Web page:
Energy storage is a critical enabler for large-scale integration of renewable energy onto the electric grid, as well as to improve grid efficiency, reliability, the distributed siting of resources that can help with transmission and distribution, and other applications. Flow batteries have the potential to provide the high energy, durability, and scalability required of grid-scale energy storage systems at an affordable price. A flow battery consists of two tanks of liquids that are pumped past a membrane held between two electrodes. Electrochemical reactions in the flow battery enable it to provide or store electricity, and ion transfer through a membrane is typically a key part of these reactions. However, current membranes do not have extremely high selectivity; over time they allow the undesired movement of liquid reactants from one side of the battery to the other. Advanced membranes and new liquid reactants could prevent this “crossover,” thus opening pathways to increase battery efficiency and enable operation on a daily basis for fifteen years with little degradation.
Project Innovation + Advantages:
The Washington University team will develop new membrane separators for redox flow batteries using a styrene-ethylene-butylene block copolymer. The team will investigate three types of membrane construction to achieve the high levels of ion selectivity and mechanical stability necessary for use in flow batteries. If needed, the team will also explore the addition of inorganic silica particles in the polymer membrane to enhance selectivity. While many flow batteries utilize proton exchange membrane (PEM) separators that conduct positively-charged ions, the proposed membrane in this project is an anion exchange membrane (AEM) that will conduct negatively-charged ions. An inexpensive, durable AEM will allow for improved efficiency and lower system cost in existing flow battery systems such as the iron-chromium redox flow battery as well as enabling development of new low-cost chemistries.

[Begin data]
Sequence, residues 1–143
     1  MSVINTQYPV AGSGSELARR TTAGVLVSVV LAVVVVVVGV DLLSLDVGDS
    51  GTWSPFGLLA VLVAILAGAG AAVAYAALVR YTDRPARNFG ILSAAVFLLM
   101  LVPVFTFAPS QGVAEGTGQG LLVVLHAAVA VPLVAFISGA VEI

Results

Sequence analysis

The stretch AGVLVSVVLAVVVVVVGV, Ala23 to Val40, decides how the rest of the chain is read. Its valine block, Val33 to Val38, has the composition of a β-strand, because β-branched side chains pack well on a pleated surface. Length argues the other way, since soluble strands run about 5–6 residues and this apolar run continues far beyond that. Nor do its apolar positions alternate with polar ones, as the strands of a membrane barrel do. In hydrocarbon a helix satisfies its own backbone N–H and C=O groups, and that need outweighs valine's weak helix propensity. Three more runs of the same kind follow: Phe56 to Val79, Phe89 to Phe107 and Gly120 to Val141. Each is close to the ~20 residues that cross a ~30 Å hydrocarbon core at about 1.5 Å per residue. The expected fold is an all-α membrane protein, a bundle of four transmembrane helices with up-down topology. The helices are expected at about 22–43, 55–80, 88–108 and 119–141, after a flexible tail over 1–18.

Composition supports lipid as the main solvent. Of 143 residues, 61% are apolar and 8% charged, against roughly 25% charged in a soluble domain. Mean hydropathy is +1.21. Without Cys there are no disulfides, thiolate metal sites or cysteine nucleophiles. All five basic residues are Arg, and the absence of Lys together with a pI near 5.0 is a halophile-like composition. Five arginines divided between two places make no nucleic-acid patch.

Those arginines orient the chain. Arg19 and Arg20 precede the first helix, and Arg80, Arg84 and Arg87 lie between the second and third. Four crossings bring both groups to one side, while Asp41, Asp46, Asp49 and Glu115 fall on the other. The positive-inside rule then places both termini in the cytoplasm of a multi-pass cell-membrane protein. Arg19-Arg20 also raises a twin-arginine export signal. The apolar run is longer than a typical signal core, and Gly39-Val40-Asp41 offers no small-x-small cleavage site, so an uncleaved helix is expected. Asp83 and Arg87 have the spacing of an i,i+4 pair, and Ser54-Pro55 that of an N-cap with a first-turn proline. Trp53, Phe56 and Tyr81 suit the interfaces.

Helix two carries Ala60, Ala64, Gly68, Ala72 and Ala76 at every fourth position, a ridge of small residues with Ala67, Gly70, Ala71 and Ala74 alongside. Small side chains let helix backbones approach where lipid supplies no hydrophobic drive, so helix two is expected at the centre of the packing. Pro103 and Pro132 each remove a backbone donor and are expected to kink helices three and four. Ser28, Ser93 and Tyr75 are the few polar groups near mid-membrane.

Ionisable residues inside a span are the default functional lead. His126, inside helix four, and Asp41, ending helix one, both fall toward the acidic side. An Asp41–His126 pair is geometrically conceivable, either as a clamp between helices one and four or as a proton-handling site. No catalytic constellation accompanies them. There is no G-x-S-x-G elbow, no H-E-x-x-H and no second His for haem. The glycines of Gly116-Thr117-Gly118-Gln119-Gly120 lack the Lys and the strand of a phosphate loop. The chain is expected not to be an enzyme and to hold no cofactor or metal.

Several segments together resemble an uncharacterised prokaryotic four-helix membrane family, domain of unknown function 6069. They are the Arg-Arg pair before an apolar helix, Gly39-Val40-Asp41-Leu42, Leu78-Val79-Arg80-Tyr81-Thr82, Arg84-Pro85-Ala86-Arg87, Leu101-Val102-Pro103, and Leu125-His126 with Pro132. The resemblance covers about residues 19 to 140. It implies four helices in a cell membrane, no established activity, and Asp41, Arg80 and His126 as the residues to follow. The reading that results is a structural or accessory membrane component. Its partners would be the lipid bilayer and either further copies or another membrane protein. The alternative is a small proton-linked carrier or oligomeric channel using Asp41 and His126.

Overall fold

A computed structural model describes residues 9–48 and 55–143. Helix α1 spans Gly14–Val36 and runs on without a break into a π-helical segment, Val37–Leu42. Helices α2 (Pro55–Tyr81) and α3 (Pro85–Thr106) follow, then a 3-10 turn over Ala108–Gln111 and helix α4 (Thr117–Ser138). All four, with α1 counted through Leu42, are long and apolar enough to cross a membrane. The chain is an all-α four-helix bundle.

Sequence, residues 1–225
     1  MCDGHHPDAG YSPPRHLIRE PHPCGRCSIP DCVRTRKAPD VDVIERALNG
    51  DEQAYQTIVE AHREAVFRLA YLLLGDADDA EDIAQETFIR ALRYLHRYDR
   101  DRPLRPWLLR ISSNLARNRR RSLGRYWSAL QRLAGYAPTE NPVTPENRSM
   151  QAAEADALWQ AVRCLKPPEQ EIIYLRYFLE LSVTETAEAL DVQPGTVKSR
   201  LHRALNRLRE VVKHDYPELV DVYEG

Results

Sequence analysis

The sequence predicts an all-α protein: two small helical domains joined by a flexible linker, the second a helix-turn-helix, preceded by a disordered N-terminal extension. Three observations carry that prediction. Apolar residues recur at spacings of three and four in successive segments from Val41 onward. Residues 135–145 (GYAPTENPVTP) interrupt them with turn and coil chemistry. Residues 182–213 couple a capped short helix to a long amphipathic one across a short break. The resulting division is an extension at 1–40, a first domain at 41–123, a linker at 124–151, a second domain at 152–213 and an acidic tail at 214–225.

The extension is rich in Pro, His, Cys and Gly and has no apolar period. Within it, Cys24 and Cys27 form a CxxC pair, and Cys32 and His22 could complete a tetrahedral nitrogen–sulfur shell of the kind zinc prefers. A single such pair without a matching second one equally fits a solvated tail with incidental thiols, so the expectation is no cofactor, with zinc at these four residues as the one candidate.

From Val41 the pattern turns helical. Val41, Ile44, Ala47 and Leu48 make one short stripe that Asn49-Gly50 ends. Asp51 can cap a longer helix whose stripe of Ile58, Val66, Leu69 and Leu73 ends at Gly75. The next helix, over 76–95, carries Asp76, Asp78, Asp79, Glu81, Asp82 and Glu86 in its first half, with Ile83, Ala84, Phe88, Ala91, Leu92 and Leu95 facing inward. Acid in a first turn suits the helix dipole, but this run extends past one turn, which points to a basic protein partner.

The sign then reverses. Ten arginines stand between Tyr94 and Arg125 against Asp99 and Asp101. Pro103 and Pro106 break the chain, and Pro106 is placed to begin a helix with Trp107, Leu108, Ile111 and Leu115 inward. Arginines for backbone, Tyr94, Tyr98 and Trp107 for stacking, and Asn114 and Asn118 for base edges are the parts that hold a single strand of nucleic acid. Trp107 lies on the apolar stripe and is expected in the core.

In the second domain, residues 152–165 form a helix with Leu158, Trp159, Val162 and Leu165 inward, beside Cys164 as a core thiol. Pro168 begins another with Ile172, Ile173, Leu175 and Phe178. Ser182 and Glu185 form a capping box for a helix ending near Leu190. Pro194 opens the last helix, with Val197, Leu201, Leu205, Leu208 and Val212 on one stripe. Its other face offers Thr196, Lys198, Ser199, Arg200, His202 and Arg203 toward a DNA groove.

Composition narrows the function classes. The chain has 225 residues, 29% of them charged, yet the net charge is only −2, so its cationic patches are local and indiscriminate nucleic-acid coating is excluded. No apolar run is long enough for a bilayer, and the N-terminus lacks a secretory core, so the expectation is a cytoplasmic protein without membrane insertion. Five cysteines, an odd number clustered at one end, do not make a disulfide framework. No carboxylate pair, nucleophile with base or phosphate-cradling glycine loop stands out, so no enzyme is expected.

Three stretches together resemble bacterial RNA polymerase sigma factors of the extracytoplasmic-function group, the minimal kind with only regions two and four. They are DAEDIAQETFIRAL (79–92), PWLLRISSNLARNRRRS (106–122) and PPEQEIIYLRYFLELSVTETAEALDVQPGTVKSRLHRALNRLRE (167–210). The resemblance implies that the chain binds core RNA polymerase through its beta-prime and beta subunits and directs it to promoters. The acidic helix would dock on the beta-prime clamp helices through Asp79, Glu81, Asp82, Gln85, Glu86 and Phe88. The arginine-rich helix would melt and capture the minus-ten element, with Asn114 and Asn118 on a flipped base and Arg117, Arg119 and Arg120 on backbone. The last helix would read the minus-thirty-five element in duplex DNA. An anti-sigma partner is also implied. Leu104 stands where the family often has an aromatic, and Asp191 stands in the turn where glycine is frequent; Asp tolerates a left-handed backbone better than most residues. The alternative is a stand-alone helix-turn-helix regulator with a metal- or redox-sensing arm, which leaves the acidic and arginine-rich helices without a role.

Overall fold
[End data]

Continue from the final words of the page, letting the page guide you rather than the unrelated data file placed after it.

If successful, developments made under the IONICS program will significantly reduce battery storage system costs for the grid to about $150/kWh (for a 5-hour discharge time, on a fully installed basis), a cost point that transforms the grid by enabling cost-effective electrical energy storage.
IONICS program innovations could contribute to energy storage solutions for the grid, improving grid resilience by providing widespread electrical storage, a basic capability the grid has largely done without since its creation over one hundred years ago.
Greater integration of renewable resources into the power mix, enabled by improved energy storage, will reduce the need for other more carbon-intensive forms of electricity generation. In addition, energy storage can improve the efficiency of the grid by allowing greater use of the most efficient, cost-effective generators.
IONICS program innovations could further establish U.S. businesses as technical leaders in energy storage, encouraging greater use of readily available renewable energy and helping to reduce costs on the grid.